Analysis of ecological thresholds in a temperate forest undergoing dieback.

Martin, P., Newton, A., Cantarello, E. and Evans, P., 2017. Analysis of ecological thresholds in a temperate forest undergoing dieback. PLoS One, 12 (12), e0189578.

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DOI: 10.1371/journal.pone.0189578

Abstract

Positive feedbacks in drivers of degradation can cause threshold responses in natural ecosystems. Though threshold responses have received much attention in studies of aquatic ecosystems, they have been neglected in terrestrial systems, such as forests, where the long time-scales required for monitoring have impeded research. In this study we explored the role of positive feedbacks in a temperate forest that has been monitored for 50 years and is undergoing dieback, largely as a result of death of the canopy dominant species (Fagus sylvatica, beech). Statistical analyses showed strong non linear losses in basal area for some plots, while others showed relatively gradual change. Beech seedling density was positively related to canopy openness, but a similar relationship was not observed for saplings, suggesting a feedback whereby mortality in areas with high canopy openness was elevated. We combined this observation with empirical data on size- and growth-mediated mortality of trees to produce an individual-based model of forest dynamics. We used this model to simulate changes in the structure of the forest over 100 years under scenarios with different juvenile and mature mortality probabilities, as well as a positive feedback between seedling and mature tree mortality. This model produced declines in forest basal area when critical juvenile and mature mortality probabilities were exceeded. Feedbacks in juvenile mortality caused a greater reduction in basal area relative to scenarios with no feedback. Non-linear, concave declines of basal area occurred only when mature tree mortality was 3–5 times higher than rates observed in the field. Our results indicate that the longevity of trees may help to buffer forests against environmental change and that the maintenance of old, large trees may aid the resilience of forest stands. In addition, our work suggests that dieback of forests may be avoidable providing pressures on mature and juvenile trees do not pass critical thresholds.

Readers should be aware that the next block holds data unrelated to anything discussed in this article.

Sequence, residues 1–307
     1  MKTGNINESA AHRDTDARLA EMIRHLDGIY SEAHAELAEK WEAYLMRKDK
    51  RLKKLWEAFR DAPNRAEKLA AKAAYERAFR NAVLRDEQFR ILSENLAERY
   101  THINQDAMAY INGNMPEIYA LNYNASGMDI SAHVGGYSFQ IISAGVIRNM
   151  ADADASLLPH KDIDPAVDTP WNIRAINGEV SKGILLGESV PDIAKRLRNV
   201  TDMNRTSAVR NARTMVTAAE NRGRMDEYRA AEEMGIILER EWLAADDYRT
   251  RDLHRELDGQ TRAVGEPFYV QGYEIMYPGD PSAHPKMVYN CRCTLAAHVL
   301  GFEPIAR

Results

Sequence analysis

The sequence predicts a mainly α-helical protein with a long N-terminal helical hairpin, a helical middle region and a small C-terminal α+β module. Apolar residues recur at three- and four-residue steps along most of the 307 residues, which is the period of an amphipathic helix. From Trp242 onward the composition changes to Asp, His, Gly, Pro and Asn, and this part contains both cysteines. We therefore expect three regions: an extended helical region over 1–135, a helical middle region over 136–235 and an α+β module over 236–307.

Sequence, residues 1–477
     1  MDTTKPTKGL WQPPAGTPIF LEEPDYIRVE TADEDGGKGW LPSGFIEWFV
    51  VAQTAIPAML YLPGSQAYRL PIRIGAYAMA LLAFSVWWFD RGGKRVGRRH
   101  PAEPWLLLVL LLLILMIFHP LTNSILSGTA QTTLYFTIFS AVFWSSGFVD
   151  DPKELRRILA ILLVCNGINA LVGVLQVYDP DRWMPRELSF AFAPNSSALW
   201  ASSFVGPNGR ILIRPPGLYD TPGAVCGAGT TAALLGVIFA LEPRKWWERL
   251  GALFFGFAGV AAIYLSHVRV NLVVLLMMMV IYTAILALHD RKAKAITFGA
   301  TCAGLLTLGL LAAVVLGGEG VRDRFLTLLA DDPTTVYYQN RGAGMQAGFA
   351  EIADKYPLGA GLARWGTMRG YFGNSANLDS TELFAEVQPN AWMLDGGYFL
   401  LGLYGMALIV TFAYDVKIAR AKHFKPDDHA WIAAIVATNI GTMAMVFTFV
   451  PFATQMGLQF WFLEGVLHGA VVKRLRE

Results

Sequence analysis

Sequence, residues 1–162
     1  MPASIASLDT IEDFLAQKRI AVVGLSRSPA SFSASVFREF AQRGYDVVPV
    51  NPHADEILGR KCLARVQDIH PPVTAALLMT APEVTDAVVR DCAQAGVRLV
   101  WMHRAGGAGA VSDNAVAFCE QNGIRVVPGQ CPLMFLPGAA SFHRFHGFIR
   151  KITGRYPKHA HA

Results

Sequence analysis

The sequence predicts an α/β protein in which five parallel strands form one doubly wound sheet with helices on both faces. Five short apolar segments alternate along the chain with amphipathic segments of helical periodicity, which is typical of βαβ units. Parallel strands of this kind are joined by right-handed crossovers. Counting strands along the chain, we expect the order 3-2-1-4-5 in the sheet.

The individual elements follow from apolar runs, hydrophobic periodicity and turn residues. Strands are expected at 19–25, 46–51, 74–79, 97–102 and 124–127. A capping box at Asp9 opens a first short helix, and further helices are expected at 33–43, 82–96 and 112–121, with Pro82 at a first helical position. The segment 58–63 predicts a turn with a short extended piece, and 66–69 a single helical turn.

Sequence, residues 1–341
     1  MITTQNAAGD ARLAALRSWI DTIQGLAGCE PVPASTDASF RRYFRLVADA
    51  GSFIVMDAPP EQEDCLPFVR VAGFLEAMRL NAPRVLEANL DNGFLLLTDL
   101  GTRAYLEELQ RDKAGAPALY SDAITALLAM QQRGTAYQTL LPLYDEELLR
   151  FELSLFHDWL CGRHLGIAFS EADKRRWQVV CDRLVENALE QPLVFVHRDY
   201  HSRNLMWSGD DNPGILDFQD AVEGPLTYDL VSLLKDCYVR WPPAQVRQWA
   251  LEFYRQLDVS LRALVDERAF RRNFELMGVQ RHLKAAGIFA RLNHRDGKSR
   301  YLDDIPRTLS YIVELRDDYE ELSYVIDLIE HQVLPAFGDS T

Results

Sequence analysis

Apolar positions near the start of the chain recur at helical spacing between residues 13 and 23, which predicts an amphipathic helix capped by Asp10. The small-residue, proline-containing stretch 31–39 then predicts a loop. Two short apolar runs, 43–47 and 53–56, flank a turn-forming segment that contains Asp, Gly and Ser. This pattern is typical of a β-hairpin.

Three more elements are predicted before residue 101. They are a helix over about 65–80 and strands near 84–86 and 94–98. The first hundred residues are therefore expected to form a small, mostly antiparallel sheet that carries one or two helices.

Item Type:Article
ISSN:1932-6203
Group:Faculty of Science & Technology
ID Code:30142
Deposited By: Unnamed user with email symplectic@symplectic
Deposited On:19 Dec 2017 10:27
Last Modified:18 Apr 2018 15:37

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